BLADE ILLUSTRATION BY WES BOOHER Enlarge
In the beginning, computers were the size of buildings. To use one, you walked into it.
Over the decades, they grew small enough to sit on a desk, then to carry in a briefcase, then to keep in your pocket.
And now we’re entering the age of computers so small we wear them like jewelry.
Just what kind of jewelry, however, has yet to be decided.
Will we wear our computers on our foreheads, as with Google Glass? Or will we wear them on our wrists, as with the new Samsung Galaxy Gear smartwatch ($300)?
Samsung isn’t the first company to put a computer on your wrist.
There have been a bunch of crude early efforts: the Pebble, the Cookoo, the Metawatch, the Martian. But the world waits for an Apple or Google or Samsung to do a more coherent job of packing a lot of components into a minuscule space.
Apple’s iWatch is only a rumor. But Samsung’s Galaxy Gear watch is here now. It’s ambitious, impressive, even amazing. But it won’t be adorning the wrists of the masses any time soon.
One big reason: It’s really only half a computer. It requires the assistance of a compatible Samsung phone or tablet; without one, the watch is pretty much worthless.
And right now, only two gadgets are compatible: the Galaxy Note 3 (an enormous phone with the footprint of a box of movie-theater Raisinets) or Samsung’s new 10.1-inch Galaxy tablet.
By Thanksgiving, Samsung says, it hopes to make its popular Galaxy S4 phone compatible, too; after that, the older Note 2 and S3.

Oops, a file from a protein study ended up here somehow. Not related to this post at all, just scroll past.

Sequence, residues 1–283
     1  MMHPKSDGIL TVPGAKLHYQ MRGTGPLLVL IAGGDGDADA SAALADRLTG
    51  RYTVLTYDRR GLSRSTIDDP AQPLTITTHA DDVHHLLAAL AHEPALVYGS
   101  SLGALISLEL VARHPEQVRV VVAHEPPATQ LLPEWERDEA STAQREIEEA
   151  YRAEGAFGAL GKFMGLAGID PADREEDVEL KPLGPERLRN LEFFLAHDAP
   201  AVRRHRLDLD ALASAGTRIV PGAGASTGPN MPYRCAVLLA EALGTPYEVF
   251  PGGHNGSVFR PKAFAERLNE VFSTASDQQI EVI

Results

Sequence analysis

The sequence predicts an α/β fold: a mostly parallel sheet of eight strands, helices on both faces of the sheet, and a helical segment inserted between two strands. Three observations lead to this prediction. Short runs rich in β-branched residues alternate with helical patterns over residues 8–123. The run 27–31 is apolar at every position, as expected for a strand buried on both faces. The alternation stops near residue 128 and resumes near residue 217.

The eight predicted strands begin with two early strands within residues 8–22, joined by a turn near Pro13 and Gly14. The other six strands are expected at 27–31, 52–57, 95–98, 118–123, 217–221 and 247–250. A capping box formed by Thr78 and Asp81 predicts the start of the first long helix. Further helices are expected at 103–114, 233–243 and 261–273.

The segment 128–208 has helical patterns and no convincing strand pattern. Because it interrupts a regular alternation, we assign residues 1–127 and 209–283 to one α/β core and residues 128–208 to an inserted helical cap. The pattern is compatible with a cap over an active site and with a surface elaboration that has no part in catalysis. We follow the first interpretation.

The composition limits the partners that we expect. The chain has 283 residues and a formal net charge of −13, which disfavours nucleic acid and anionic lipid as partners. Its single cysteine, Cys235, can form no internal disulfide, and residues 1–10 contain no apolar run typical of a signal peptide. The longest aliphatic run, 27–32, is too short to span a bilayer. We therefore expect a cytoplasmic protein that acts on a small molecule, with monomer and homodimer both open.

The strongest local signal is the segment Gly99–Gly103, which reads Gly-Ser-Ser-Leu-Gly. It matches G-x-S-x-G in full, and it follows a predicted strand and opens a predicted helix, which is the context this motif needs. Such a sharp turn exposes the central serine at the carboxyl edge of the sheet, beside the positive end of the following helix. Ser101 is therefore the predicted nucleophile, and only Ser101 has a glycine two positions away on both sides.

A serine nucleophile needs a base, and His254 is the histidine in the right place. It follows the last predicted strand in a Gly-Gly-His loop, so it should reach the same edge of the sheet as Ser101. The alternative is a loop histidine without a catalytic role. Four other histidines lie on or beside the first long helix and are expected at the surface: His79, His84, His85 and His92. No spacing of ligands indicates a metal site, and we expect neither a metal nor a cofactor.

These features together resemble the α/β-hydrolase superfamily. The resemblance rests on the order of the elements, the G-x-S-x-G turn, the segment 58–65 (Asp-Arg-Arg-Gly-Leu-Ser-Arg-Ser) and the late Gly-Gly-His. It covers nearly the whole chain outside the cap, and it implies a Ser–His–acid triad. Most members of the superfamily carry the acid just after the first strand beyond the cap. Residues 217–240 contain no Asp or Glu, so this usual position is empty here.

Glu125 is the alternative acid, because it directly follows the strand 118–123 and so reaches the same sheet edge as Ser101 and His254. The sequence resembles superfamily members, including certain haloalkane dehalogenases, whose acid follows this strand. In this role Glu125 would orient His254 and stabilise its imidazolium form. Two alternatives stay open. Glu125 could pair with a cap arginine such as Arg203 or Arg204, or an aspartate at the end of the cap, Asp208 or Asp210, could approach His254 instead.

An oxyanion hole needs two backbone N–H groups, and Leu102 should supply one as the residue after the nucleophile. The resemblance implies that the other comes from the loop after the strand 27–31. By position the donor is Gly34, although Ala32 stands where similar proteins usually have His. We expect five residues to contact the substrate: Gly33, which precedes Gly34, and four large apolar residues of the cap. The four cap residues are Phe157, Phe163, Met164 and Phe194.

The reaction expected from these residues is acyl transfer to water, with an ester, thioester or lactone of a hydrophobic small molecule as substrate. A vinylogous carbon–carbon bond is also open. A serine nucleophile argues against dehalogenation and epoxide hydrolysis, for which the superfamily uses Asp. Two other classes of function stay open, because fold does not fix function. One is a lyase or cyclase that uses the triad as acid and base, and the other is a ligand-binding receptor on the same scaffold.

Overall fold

But the Gear watch will never work with devices from rival companies; Samsung is trying to create an Apple-like ecosystem of Samsung gadgets that work smoothly — and exclusively — together.
The watch is huge, but it’s beautifully disguised to hide its hugeness.
You can buy it with a plastic wristband in different colors. You can’t exchange the bands, though, because important elements are built into it: a micro-speakerphone in the clasp and a tiny camera lens in the band.
The Gear looks and feels fine on your wrist.
You charge its battery by clamping it into a tiny USB charger — every night.
So what does the Gear do? A hodgepodge of random things. For example:
Tell the time: On your compatible Samsung phone, you install an app called Gear Manager. It’s the front end for the watch, like iTunes for an iPod. It’s how you change the watch’s settings and customize its features — and choose a watch face for its Home screen. (The watch’s sole button, on the side, always opens this Home screen.) You have a choice of various analog and digital displays.
Take pictures and videos: These aren’t what you’d call National Geographic quality. The photos are 1.9 megapixels and the watch holds only 50 of them. Videos are tiny and short (15 seconds long); you can’t shoot more than three in a row, and the watch holds only 15 of those. But let’s not quibble — it’s a watch.
But if you thought it was creepy that Google Glass lets your conversation partner film you without your knowledge, you ain’t worn nothing yet.
Find your gadgets: If you’ve misplaced the phone or tablet the watch is paired with, the watch can make it chime to help you find it. And vice versa.
Just be sure to lose them within 25 feet of each other. That’s the range of Bluetooth, which is what keeps the watch and device connected.